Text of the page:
Yet "Whatcha Want" is heavier than anything the band ever did in the past, sounding more like Monroe's post-Hanoi band Demolition 23 (which ironically feature Nasty and Yaffa). "Watch This" also sounds more current, adding some garage rock fuel to the power pop fire. A cover of the Heavy Metal Kids' "Delirious" rounds out the rockers and is a perfect choice, with its snotty charm and chugging riffs.

Just like in the old days, the band slows down the pace a bit too and get a bit misty. A cover of Darryl Hall's epic (yes, you read that right) "Winged Bull" is a fine choice, sounding like the sequel to their own "Million Miles Away." "Designs On You" is a bit more upbeat but just as convincing nonetheless. Co-written by Monroe's now deceased girlfriend Jude Wilder, the song is a personal tale of love on the rocks but could just as easily serve as a poem from Monroe to his fallen love. "In My Darkest Moment" strives for the same touching, gentle spirit but falls a bit short. While the lyrics are heartfelt, they feel less natural, a bit awkward. However, the beautiful sax solo and thrilling McCoy-driven bridge more than make for any stumbling during the verses.

Monroe is in top form throughout this effort. His sax and harmonica playing are top notch and his voice as strong as ever. His lyrics in particular (aided by McCoy, Wilder and others at times) are razor sharp and his wit in tact. He aims much of his venom at the music industry and scene and goes for the jugular on cuts like "People Like Me" ("Radio and MTV/You need people like me") and "Obscured." When he belts out "You'll never see me fail and you can't make me disappear" you know he means it, man. And any doubts as to whether McCoy -- the only guitar-slinger to rival Johnny Thunders for hardcore heroin use and live to tell about it -- has still got the fire will be bashed against the rocks as the "Tragedy"-like harmonics of "Obscured" come pouring through the speakers. Just check out the wicked harmony licks on the single "People Like Me" for a taste of that patented McCoy sound. He's got monster chops and can run neck and neck with any current or past guitar hero yet has that Keef/Thunders 'tude that keeps him grounded in sleaze and good taste. Less is more, get it?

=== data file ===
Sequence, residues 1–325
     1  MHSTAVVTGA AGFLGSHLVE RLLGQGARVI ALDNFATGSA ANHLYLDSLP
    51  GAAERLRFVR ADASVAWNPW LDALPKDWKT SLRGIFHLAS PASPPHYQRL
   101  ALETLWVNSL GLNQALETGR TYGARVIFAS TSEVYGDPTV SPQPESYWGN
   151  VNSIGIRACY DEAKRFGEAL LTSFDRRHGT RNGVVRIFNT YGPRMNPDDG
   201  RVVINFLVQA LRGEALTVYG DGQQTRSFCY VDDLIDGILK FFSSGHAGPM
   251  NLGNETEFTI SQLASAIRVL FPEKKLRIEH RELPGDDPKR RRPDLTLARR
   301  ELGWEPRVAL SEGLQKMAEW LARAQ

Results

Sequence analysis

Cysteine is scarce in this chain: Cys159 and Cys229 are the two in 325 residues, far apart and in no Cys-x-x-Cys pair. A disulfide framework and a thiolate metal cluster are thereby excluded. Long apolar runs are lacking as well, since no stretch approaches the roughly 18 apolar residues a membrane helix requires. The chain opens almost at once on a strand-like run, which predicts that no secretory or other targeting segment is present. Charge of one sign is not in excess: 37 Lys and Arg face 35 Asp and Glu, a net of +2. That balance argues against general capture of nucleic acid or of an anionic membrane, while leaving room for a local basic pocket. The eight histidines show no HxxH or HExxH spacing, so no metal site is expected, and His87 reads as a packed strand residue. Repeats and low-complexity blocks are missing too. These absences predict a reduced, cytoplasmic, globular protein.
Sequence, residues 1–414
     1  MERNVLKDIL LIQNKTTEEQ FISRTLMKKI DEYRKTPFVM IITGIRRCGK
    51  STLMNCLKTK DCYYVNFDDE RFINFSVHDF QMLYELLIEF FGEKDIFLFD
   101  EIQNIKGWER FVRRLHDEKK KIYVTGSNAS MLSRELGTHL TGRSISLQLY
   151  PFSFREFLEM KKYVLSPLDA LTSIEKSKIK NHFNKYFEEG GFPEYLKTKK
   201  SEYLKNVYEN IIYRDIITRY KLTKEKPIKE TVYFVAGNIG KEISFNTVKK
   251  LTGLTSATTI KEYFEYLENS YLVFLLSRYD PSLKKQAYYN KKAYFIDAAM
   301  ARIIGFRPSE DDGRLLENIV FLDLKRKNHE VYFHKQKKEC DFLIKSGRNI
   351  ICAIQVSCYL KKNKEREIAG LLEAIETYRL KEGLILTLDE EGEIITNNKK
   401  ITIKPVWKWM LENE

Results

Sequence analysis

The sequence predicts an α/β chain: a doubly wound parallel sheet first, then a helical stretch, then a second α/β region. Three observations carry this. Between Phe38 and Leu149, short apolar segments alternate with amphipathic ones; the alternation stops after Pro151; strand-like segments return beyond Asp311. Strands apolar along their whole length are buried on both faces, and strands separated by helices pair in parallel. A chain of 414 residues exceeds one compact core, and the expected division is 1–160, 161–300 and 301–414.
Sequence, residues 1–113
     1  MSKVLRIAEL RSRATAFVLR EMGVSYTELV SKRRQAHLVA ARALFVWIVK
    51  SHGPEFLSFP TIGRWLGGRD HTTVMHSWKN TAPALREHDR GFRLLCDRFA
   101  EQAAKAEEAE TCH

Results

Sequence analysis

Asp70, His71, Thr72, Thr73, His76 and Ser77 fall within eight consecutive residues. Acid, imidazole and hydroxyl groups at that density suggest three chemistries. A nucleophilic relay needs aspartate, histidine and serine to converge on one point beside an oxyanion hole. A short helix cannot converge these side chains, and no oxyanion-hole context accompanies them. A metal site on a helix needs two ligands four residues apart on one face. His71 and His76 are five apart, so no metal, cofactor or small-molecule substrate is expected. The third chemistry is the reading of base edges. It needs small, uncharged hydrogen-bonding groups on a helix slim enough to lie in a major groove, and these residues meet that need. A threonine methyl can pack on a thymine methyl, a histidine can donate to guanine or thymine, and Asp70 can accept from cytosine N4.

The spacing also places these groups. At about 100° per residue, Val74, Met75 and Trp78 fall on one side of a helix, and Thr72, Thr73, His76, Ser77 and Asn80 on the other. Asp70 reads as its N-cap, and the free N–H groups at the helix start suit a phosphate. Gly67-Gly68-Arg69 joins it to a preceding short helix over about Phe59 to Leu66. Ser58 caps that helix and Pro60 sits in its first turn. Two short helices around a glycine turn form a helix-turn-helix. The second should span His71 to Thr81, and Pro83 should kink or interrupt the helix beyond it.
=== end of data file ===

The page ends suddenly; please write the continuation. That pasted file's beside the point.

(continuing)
So for 12 glorious songs (and one short intro cut) rock n' roll is great again. It's as if all those years of bad metal, phony punk and force-fed MTV bullshit never existed. Like the world stopped in the early '80s just as music got really lame and corporate and everything that was good started to become trite. Back when glam meant Mott the Hoople, not Warrant. Back when a 13-year-old kid's favorite kind of music was actually rock. Back when the Motor City was known as the home of the Nuge, Iggy Pop and MC5, not Insane Clown Posse and Eminem. Back when Finland actually had a shot at producing the worlds greatest rock n' roll band. Sounds crazy, huh? It was…it was...